Owen Smith will today pledge to deliver pay increases for five million workers as part of plans to ensure the “biggest boost to living standards for a generation” if he becomes prime minister.
Labour leadership hopeful Owen Smith. Credit: PA
The Labour leadership hopeful will outline proposals to bolster workers’ pay and conditions to counter what he labels a “perfect Tory storm” of falling wages, cuts to social security and diminishing rights at work.
He will commit to implementing a “true” living wage of £8.25 an hour as recommended by the Living Wage Foundation, and extend the offer to all workers over the age of 18.
Mr Smith, the former shadow work and pensions secretary, will also pledge to turn the Low Pay Commission into a Living Wage Delivery Unit.
The new structure will be tasked with recommending pay increases and ensuring companies do not compensate for the higher wages by reducing overtime or other perks.
In a speech in Milton Keynes this morning, Mr Smith will say: “For the last six years British workers have experienced a perfect Tory storm of falling wages, the watering down of workers’ rights and cruel cuts to social security. Resulting in the sharpest fall in living standards ever recorded for low paid British workers.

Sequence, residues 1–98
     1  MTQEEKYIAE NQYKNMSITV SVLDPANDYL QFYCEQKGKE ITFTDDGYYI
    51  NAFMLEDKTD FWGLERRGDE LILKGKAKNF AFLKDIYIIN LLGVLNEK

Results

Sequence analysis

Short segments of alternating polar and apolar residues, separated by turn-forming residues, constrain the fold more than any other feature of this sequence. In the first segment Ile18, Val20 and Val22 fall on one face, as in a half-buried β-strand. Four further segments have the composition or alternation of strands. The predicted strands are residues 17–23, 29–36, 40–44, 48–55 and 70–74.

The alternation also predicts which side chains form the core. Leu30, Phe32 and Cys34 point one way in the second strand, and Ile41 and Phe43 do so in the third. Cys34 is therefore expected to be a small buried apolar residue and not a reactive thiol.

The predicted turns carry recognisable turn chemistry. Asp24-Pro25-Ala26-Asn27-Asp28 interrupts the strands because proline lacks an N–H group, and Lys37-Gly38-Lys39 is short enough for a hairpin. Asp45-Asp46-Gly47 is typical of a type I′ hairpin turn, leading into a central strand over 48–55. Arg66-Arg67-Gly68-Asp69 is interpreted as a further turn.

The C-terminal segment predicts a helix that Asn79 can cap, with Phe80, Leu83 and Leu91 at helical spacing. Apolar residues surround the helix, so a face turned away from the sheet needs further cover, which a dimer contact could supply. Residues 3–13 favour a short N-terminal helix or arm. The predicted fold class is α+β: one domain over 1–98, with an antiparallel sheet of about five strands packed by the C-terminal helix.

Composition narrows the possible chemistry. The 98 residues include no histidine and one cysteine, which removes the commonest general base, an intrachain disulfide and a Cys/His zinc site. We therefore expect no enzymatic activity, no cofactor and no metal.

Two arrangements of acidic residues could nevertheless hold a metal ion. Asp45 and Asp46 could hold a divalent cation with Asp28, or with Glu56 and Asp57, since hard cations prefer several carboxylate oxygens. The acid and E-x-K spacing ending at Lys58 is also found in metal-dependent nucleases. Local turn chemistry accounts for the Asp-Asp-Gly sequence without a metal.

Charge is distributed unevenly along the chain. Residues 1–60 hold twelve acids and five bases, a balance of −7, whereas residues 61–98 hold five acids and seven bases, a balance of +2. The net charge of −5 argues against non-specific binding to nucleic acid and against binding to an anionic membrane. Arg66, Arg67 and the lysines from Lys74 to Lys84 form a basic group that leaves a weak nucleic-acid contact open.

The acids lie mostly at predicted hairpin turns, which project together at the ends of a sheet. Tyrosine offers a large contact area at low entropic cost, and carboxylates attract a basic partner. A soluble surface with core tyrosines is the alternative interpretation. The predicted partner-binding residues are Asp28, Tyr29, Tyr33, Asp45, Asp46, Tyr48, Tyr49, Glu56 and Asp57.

“In the face of this onslaught, what’s desperately needed is not more slogans, but a clear plan of action which offers solutions.
“So as the next Labour prime minister, I would introduce radical plans to deliver the biggest increase in living standards in a generation.
“I am committed to delivering a real living wage for everyone over the age of eighteen – ending the discrimination of those under 25. Increasing support for low-paid workers through our social security system – cruelly slashed by the Tories – and delivering a revolution in workers’ rights to give people a strong voice at work.”
Elsewhere in his speech, Mr Smith will pledge to establish a High Pay Commission to force mandatory reporting of company pay ratios.
The commission will consult on whether to introduce maximum pay ratios between top earners and average earners for private sector firms who provide public services.
Jeremy Corbyn has also advocated installing a “real” living wage and announced that companies with more than 21 employees to publish earnings data in a bid to close the gender pay gap.
In January, the Labour leader floated the idea of banning companies from paying dividends until their staff are paid the living wage.
The Government’s National Living Wage came into force in April this year set at £7.20 an hour. It will rise to £9 an hour by 2020.
On launching a new Economy and Industrial Strategy committee yesterday, Prime Minister Theresa May said increasing wages for the lowest paid would be among her top priorities.